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The Corner

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Multi-nonculturalism



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I’m reluctant to wade into the dispute between Kathryn and Andrew re Catholics and gay adoption, but here goes. Andrew has a certain logic on his side: if you’re going to make it illegal to discriminate against gays in the matter of child adoption, then the law should apply to everyone. But Andrew’s argument that otherwise one is defenseless against demands by Muslims for special treatment strikes me as very dubious and the feeble braggadocio by the opportunist Cameron that this is part of the rollback against multiculturalism is even more desperate than his usual utterances.

For a start, simply as a matter of reality, whether or not we’re all cool with gays and don’t go to church except for elderly relatives’ funerals, the life that most people lead in “secular” western societies owes more to the Judeo-Christian inheritance than to Islam or Buddhism or anything else. Therefore, to argue that two thousand years of conventional Catholic belief in this area is equivalent to Muslim views on wife-beating or polygamy is not a rebuke to multiculturalism but merely a manifestation of it – an equality of exclusion similar to that adopted by the French state when, in order to ban the veil from French schools, they also banned crucifixes.

Furthermore, as a practical proposition, it will do nothing to arrest the creeping Sharia already evident in much of the western world. The Catholic church will wind up withdrawing from the adoption business, and thus will bef those small remorseless losses to civil society. But Islam will just do what it wants to do anyway. Surveys of Muslim communities in Ontario, France and other western jurisdictions show polygamy is accepted de facto, and recent rulings by Britains pensions ministry reveal that its also acknowledged de jure, albeit tentatively. On the other hand, by the polices own admission, there have been at least 120 honor killings in Britain which the constabulary declined to look at too closely on the grounds of cultural sensitivity. The fact that putting Catholics out of the adoption business should be the priority in a week when British imams have been secretly filmed urging homosexuals be hurled off cliffs shows that the real issue remains not any privilege (in Andrews word) to particular faiths accorded by law but the privilege accorded to one religion by multiculti cravenness.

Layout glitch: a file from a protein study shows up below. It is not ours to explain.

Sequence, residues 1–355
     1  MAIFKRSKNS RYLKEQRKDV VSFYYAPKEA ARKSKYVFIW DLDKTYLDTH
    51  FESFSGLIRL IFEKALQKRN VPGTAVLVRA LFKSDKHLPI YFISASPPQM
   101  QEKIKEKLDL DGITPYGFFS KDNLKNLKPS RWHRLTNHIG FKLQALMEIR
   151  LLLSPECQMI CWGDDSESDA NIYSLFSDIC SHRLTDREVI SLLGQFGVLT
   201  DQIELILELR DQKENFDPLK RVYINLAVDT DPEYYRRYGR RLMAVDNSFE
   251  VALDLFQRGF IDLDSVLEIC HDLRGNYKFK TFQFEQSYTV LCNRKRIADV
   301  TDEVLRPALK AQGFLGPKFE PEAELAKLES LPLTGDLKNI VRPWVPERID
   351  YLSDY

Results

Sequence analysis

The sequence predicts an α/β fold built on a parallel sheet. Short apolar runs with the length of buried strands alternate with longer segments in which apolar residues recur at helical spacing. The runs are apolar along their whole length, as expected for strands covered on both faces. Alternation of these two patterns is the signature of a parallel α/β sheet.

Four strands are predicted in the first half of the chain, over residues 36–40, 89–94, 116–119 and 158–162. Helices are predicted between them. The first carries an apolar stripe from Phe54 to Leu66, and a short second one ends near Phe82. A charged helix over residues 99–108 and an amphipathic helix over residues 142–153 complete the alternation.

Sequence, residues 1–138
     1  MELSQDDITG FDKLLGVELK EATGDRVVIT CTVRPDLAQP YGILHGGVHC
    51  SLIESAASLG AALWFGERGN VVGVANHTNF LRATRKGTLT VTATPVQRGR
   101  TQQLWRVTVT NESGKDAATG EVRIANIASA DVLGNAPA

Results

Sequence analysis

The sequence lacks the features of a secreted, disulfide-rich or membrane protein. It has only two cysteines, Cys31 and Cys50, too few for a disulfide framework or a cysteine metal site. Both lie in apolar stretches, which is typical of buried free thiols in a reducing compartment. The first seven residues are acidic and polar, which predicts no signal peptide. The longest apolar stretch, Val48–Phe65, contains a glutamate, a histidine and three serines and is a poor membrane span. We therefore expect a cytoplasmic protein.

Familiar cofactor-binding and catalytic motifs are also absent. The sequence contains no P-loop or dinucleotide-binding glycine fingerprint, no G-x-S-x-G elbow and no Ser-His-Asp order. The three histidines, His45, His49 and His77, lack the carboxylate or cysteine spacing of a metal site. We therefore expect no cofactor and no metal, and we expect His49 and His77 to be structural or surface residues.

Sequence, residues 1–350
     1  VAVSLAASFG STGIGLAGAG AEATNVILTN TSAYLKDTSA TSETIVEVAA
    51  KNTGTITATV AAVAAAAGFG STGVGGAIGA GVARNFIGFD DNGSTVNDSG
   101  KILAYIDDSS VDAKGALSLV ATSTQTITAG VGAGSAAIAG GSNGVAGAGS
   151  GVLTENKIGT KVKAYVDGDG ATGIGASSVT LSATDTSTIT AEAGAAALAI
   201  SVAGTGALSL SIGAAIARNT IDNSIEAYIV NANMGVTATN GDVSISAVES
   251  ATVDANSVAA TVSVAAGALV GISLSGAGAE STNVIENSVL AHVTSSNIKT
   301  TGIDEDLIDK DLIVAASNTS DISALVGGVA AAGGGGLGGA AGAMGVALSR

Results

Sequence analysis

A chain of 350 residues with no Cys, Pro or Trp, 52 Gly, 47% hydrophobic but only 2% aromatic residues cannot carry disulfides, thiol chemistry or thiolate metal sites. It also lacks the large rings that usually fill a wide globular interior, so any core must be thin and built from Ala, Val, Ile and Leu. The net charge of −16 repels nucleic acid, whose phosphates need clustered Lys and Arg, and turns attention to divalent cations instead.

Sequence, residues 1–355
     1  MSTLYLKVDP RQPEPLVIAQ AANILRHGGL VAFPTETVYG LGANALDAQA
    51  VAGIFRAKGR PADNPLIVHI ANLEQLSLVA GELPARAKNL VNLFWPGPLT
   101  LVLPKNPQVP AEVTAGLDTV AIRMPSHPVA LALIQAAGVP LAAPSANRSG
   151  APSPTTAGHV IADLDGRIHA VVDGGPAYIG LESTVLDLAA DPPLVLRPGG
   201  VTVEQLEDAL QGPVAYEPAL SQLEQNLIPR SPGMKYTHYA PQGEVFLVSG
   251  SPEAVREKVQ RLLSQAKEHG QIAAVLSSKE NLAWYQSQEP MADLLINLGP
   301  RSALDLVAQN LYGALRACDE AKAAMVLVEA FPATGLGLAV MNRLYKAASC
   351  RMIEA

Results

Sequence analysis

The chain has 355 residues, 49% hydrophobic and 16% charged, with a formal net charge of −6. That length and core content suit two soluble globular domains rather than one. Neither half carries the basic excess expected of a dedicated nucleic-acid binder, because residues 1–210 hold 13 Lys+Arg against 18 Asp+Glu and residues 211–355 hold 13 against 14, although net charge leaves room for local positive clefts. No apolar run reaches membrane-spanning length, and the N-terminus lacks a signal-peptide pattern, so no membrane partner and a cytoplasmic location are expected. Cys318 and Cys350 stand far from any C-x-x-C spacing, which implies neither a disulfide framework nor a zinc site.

I dont know what the answer is here, and Im not sure there is one. But the idea that this stand by David Cameron is some kind of rebuff to the Islamist hollowing out of Britain is ludicrous. If the issue is, as Andrew says, one of privilege, then it privileges the pieties of hyper-secularist progressivism to the exclusion of all else and its into that vacuum that radical Islam has poured, in Britain and in many other places.



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